Throughout the book The Jungle, there were many unifying elements. One of Sinclair’s many purposes in writing this novel is to vividly show the consequences of capitalism. Sinclair does so by comparing the American dream with the reality of a family’s dependence on working wages. The group of Lithuanian immigrants in this novel enter America in hopes that they will receive high wages and a happy life; only to find out that they’re in a place where it’s difficult for one to materially succeed. The Jungle paints a picture in which capitalism is the reason this family struggles, but that’s just part of it, not only is this family struggling but millions of other people are as well.
Sinclair’s thesis is proved by using Jurgis and Teta Elzbieta along with their family to show the struggle that the working class has as immigrants under capitalism. Throughout the novel, Sinclair uses specific examples that vividly allows us to see how bad capitalism is in the life of an immigrant family. Jurgis is the man of the family who works extremely hard and gets paid based on how much he produces. Unfortunately, Jurgis ends up spraining his ankle at work which led to him losing income and his job.
On page 142, Jurgis explains how unfair the working conditions are, “The irregular hours and the cruel speeding up, the lowering of wages, the raising of prices! The mercilessness of nature about them, of heat and cold, and rain and the snow; The mercilessness of the city, of the country in which they lived, of its laws and customs, that they did not understand” (Sinclair). Jurgis had so many emotions that capitalism was the blame for. Another major scenario in this novel that Sinclair uses to build his case against capitalism is when Jurgis and his family found the “new house”. In the process of purchasing the home, they made calculations and decided to pool their money, so they wouldn’t have to pay rent. Jurgis and his family purchased the house and since they couldn’t read the contract their trust in the agent was enormous. They ended up realizing the house was nowhere near close to being new and in between the cost of the mortgage, there were many hidden costs that would strain their budget even further. Everything this family had to offer went towards that house only to find out they couldn’t keep up with the expenses.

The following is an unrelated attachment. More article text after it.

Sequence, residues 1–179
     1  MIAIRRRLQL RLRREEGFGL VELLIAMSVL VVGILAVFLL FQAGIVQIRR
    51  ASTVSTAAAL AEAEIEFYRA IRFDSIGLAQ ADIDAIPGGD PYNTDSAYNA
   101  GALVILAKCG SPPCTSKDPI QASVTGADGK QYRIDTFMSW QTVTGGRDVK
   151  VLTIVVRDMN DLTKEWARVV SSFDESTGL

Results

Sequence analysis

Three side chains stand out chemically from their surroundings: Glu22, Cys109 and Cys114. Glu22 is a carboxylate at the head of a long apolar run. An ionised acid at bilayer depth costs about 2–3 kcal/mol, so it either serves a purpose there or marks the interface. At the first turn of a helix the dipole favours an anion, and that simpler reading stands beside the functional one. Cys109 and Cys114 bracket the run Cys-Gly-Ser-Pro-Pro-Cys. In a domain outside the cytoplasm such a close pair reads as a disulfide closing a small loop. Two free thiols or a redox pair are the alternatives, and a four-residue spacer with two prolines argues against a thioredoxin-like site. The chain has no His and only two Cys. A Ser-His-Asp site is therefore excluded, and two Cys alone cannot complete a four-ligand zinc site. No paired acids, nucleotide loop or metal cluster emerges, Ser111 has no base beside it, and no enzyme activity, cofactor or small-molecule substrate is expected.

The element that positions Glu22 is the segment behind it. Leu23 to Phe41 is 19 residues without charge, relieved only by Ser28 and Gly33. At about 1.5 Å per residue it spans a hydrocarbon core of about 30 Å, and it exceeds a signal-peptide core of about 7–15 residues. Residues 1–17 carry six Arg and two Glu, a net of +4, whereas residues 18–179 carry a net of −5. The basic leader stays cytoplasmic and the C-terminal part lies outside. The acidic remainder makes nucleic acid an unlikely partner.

The real estate company purposely wanted them to lose the home, so they could find another immigrant family and “trap” them like they did to Jurgis’s family. Sinclair used Jurgis and his family to show how they wanted to own their own house, which is part of the American dream, but once again capitalism is to blame. Jurgis and his family once again were victims towards people who just wanted money and had no care for them. One thing I thought helped Sinclair prove his point throughout the novel was when he included Jurgis’s feelings. For example, “When he came home that night he was in a very somber mood, having begun to see at last how those might be right who laughed at him for his faith in America” (Sinclair, page 53). Sinclair does an amazing job showing how capitalism has a terrible effect on everyone and how they’re turned into machines to be used for profit. Sinclair grew up in a family that was financially unstable, but his extended family was in good hands. The variation between classes is what led Sinclair to be a passionate activist who was involved in political campaigns.
This novel gave me an understanding of the labor role in the early industrial society and it painted a picture of how labor and the political power of business progressed in American society. Sinclair did an outstanding job on making the city of Chicago so vivid and proving his thesis. The title of this novel was very creative when I first started reading this novel I didn’t know how the title could relate to it, but now that I’ve seen how the higher classes feed on the immigrants and turn them into animals, it makes sense.
Socialism was Sinclair’s cure for all the problems that capitalism created. I believe Sinclair was being biased in this novel because he was trying to give an idea as to how socialism would rebuild the mistreated working class and that’s why he blamed everything on capitalism. Sinclair could have also made the conditions of immigrant families worse than they were to expand on how terrible capitalism is. Although The Jungle was a decent book, I felt like I was never able to feel sympathy for the individual characters, but only for the multitudes of people struggling in the 1900’s. The ending of the book was frustrating because all of a sudden, the last few chapters became a political piece, and I felt as if the characters didn’t matter towards the end. As far as recommending this book, I would recommend it to a history lover. Coming from a multiracial international family, and hearing about all the immigrant issues we’re having in the United States right now, reading this book was very valuable.
This novel taught me how far we’ve come as a country since the early 1900’s in terms of working conditions and how we treat workers. Many people forget how bad and difficult times were and still are for immigrants and people in poverty. The Jungle is a major eye opener as to how quick we are to forget about those kinds of struggles, which after all, are reoccurring life issues.